WHEN I was a young boy, I lived in a lovely Victorian end-terrace house. There was a park at the end of the road, which I frequently visited, and which I mentioned in my previous blog entry. This was, of course, in the days before paedophiles were invented.
In the early days, although we had an inside toilet (it being the mid-1970s), we also had an outside toilet, which was rank but occasionally handy. In fact, I also mentioned the toilet in my previous blog entry. I am always mentioning the toilet. I should stop mentioning the toilet.
Anyway, all good things must come to an end, as, indeed, must all bad things, and my parents had the toilet removed.
Unfortunately, we did not use a qualified toilet remover, we employed some bloke with a lump hammer who knocked it down and naffed off, crucially neglecting to stop up the pipe properly.
Flash forward a few years, and the chickens came home to roost. But not real chickens, as that would be quite nice and we’d have had eggs. No, these were metaphorical chickens. THE WORST SORT.
The flagstones in the adjoining alley had collapsed into the mulchy horribleness caused by the unblocked pipe. The water board repaired the path, but the damage underground was already done.
Flash forward a couple more years and teenage GB went into the utility room just off the kitchen. They say that in the city you’re no more than 10 feet away from a rat. On this occasion, I was no more than two feet away from one. It looked me in the eye, I looked back. Then we both ran away squeaking like mice, and not brave mice, either.
The rat’s underground pad had been washed away by the toilet demolition, and since then he and his extended family had been living under our floorboards.
We called the exterminator, who dropped little red bowls of poison here and there about the house. “Don’t let the dog eat it,” he warned us. We’d guessed that. “What happens now,” we asked. “The poison makes them drowsy, so you can kill them,” he replied. We hadn’t guessed that. We’d thought he was the exterminator.
For the next week, the men of the house, aided by our trusty Jack Russell ratter, Patch, went on a killing spree. Slightly drunk rats would stagger out, to be clubbed by the end of a walking stick, or their necks would be broken by the jaws of our runty dog.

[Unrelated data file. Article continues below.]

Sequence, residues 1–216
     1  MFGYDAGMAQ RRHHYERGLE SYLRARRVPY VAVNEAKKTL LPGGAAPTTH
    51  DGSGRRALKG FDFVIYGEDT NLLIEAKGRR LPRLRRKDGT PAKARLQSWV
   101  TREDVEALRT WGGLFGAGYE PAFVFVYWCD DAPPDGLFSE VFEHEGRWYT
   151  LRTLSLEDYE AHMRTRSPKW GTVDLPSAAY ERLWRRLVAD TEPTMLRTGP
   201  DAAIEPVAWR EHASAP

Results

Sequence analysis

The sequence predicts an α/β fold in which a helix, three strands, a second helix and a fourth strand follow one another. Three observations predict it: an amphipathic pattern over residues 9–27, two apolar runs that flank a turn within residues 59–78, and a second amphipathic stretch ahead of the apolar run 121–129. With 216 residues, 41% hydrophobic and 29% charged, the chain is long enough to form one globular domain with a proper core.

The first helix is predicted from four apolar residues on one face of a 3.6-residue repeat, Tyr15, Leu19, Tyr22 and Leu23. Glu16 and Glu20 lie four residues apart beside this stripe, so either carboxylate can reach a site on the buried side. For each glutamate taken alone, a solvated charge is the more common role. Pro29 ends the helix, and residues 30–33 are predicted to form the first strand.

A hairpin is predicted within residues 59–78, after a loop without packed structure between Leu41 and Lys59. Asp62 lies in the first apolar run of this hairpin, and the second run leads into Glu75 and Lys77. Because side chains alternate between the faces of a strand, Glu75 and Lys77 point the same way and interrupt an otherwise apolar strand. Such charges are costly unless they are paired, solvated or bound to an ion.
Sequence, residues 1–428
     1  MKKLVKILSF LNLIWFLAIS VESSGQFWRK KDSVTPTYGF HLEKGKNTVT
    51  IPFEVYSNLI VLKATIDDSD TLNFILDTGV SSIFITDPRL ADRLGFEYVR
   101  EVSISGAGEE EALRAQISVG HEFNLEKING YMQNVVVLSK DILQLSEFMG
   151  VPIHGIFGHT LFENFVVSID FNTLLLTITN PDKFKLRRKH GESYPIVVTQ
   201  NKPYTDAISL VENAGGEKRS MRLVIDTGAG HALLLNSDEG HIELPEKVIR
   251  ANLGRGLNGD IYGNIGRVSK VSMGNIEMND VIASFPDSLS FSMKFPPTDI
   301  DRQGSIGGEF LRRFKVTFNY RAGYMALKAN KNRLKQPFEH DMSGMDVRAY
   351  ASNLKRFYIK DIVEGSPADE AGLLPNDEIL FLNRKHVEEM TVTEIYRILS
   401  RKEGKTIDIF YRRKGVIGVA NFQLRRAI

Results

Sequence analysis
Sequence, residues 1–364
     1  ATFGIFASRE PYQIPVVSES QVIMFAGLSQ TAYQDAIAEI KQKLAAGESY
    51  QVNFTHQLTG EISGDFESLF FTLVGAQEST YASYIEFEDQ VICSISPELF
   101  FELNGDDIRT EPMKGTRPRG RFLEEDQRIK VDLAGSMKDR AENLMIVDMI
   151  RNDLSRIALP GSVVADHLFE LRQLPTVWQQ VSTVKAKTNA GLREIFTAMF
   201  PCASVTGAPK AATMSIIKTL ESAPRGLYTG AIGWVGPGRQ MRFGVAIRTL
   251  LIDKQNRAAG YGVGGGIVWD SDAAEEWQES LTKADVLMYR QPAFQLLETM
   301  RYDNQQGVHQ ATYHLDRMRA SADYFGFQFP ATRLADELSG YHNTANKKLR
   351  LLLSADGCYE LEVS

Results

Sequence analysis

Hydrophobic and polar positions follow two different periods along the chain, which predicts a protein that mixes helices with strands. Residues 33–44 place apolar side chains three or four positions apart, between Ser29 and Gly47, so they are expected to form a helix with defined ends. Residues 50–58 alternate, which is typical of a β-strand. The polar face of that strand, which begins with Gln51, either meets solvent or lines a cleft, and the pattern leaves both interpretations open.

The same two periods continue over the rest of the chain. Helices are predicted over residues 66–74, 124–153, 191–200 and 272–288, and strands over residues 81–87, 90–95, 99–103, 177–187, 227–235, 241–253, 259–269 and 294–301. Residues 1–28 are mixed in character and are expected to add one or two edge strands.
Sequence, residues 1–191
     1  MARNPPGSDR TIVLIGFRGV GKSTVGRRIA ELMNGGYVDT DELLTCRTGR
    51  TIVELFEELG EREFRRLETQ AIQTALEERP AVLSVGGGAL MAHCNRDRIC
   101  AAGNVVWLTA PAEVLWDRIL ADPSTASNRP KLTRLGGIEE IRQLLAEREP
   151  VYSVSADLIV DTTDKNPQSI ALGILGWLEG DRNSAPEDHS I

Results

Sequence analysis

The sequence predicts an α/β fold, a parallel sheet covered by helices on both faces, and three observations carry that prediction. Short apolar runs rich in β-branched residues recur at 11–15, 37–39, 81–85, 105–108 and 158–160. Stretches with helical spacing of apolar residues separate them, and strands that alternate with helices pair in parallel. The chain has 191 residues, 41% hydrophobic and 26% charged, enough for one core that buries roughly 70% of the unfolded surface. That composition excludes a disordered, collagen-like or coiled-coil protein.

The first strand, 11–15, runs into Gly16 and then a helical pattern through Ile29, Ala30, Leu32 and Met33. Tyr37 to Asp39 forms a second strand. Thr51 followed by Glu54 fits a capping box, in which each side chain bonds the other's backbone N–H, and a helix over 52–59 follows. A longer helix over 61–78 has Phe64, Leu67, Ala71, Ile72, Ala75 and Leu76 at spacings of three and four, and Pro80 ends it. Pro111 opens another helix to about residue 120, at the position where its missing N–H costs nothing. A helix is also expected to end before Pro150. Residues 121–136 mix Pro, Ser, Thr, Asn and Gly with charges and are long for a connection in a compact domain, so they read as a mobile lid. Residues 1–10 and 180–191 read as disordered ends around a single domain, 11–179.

Finally there were no more rats left. I felt like George Clooney at the end of From Dusk Till Dawn (which hadn’t yet been made, just going to show that Jung was right). Rats are horrible, by the way. Not one redeeming feature.
It was two weeks later that the smell started. A sickly sweet smell whose origin could not be determined. Eventually we traced it to behind the television. We looked, our hearts in our mouths.
There was nothing there. Then I suggested that we check under the floorboards. We lifted the boards and there it was. A rat. A dead rat. A dead rat decomposing with its stomach cavity fizzing with a white substance.
“I’m not picking THAT up,” I said.
“I’m not picking THAT up,” said my uncle, Bernard.
“Woof!” said the dog.
Then I remembered THIS…
The robot hand toy I had been given years before. At last, a proper use for it. I gripped it and slowly manoeuvered it into position. I squeezed the trigger and with a certain amount of grim satisfactionI lifted the rat by its head. I gently raised it, ready to drop it into the Kwik Save bag being held open by my uncle, when . . .
SPLUP! The rat broke in two around the stomach and its hind quarters fell back into the hole. I was a bit sick in my mouth, but concentrated on the matter at robot hand. I dropped the head end into the bag, quickly went back for the other end, then emptied a bottle of bleach over the rat’s next-to-last resting place. Then I ran upstairs to be properly sick like a big vomity sicko.
I learned a valuable lesson that day. It was this: never attempt to pick up a decomposing rat with a robot hand toy without the assistance and/or advice of a qualified structural engineer.